|کد مقاله||کد نشریه||سال انتشار||مقاله انگلیسی||ترجمه فارسی||نسخه تمام متن|
|639339||1456195||2006||11 صفحه PDF||سفارش دهید||دانلود رایگان|
A microscale normal flow filtration (NFF) technique has been established for the automated high throughput evaluation of complex biological feed streams. A commercially available 96-well filter plate (0.3 cm2 per well) and a custom designed 8–24-well filter plate (0.8 cm2 per well) were used to quantitatively study the microfiltration characteristics of an Escherichia coli TOP10 fermentation broth. Microwell results, from up to 96 independent experiments, were obtained in parallel using an automated vacuum filtration manifold. These were verified against a conventional laboratory scale membrane cell (3.8 cm2). All formats used a 0.22 μm Durapore PVDF membrane and initial water flux experiments showed measured membrane resistances to be equivalent and of the order of 5 × 1010 m−1. Specific cake resistances of E. coli TOP10 cells under various filtration conditions were next determined using both filter plate designs and shown to be equivalent to those determined using the membrane cell. Up to three-fold differences in specific cake resistances were found in experiments examining the effect of fermentation broth harvest time on microfiltration performance and the presence of specific buffers (100 mM acetate) or media components (10 g L−1 yeast extract) in the feed stream. Compared to commercial multi-well filter plates the custom designed plate reduces the errors associated with microscale experimentation and also allows simultaneous evaluation of different membrane types. Used alongside microwell fermentation studies the technique presented here allows for the integrated optimisation of upstream and downstream operations.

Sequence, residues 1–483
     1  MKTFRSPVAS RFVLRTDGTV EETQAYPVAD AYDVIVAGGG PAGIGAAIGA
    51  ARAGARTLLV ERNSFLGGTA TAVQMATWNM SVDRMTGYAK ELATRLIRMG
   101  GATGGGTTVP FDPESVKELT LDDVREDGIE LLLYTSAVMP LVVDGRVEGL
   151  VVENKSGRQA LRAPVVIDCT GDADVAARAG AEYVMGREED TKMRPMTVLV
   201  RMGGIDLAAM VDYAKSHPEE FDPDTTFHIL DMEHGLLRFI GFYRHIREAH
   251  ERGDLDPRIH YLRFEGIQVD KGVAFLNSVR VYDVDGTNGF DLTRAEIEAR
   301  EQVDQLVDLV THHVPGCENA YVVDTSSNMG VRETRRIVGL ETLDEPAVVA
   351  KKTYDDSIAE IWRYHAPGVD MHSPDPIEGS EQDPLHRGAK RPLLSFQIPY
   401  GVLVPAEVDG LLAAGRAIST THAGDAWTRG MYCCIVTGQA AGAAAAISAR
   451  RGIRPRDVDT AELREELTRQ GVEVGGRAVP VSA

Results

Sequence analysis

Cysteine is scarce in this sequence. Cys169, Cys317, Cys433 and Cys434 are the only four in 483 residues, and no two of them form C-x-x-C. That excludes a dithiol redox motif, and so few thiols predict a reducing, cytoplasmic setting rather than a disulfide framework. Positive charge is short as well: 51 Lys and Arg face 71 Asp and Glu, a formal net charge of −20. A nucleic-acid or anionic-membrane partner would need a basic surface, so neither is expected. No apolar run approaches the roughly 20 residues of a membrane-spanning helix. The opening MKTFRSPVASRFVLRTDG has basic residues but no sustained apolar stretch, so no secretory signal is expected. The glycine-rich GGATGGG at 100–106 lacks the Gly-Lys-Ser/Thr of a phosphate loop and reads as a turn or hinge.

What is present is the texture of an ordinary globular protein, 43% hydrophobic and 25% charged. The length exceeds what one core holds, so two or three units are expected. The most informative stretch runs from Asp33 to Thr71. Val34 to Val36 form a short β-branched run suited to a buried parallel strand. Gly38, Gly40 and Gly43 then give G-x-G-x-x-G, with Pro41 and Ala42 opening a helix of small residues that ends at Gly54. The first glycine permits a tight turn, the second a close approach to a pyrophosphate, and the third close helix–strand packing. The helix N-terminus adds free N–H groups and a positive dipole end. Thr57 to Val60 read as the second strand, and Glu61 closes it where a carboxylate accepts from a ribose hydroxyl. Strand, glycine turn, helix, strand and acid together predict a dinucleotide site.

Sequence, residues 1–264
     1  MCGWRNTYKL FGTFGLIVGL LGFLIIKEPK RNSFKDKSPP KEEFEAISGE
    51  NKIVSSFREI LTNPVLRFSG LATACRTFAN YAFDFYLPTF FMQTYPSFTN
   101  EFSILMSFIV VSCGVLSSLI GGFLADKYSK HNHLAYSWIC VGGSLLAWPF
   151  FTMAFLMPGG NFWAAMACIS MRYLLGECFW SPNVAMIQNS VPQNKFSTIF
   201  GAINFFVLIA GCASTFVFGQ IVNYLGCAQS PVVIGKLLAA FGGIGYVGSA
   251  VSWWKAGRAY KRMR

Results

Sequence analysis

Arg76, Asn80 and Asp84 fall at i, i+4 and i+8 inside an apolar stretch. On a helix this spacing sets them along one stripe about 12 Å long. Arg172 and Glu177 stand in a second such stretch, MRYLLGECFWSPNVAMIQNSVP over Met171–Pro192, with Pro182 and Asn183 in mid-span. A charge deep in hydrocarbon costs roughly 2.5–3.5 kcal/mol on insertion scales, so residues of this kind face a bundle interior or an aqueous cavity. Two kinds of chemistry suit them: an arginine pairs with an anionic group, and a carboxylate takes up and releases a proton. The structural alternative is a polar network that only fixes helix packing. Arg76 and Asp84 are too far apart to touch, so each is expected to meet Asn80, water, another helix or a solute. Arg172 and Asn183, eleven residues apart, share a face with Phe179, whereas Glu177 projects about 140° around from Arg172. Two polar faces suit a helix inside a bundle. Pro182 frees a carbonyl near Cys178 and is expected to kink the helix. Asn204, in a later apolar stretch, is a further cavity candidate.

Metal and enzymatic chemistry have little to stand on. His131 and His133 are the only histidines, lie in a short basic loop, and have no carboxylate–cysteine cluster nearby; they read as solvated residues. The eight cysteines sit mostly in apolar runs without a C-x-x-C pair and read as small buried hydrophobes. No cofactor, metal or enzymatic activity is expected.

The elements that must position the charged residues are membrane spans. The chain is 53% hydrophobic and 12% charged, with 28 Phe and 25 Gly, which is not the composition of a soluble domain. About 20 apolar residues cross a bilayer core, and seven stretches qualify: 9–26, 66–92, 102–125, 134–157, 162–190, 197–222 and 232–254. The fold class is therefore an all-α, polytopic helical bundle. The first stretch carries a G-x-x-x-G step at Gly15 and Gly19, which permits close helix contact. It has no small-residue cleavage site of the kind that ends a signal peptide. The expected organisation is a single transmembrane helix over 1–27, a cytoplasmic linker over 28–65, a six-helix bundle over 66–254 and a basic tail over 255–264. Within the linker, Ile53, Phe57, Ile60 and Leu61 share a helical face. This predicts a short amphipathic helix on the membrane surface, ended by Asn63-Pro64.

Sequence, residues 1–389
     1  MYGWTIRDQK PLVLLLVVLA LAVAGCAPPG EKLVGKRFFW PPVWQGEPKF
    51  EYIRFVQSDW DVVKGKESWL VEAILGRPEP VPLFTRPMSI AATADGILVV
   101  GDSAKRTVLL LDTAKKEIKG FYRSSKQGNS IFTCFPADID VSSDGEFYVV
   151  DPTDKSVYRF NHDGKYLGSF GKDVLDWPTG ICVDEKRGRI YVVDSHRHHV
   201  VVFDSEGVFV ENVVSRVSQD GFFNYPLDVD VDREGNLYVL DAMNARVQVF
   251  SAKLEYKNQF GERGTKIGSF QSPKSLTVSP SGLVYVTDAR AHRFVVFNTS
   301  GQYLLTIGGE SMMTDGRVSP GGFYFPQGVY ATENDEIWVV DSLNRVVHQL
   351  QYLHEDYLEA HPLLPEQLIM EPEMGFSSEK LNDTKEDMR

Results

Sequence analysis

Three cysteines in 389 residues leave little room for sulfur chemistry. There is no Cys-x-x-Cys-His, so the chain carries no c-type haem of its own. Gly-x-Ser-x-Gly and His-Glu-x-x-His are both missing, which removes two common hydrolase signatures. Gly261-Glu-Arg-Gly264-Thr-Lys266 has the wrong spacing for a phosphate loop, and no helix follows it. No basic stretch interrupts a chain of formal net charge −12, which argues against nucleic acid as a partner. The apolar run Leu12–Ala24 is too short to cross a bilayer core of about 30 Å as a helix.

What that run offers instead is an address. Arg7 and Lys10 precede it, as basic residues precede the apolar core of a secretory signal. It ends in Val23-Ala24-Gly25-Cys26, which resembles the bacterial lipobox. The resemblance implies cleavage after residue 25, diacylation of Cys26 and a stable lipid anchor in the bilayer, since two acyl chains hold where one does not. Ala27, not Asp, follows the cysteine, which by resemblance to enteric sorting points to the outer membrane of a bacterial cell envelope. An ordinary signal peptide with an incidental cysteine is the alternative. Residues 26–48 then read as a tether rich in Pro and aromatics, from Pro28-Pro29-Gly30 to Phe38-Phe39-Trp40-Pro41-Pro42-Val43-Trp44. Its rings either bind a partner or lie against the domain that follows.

Journal: Journal of Membrane Science - Volume 276, Issues 1–2, 1 May 2006, Pages 31–41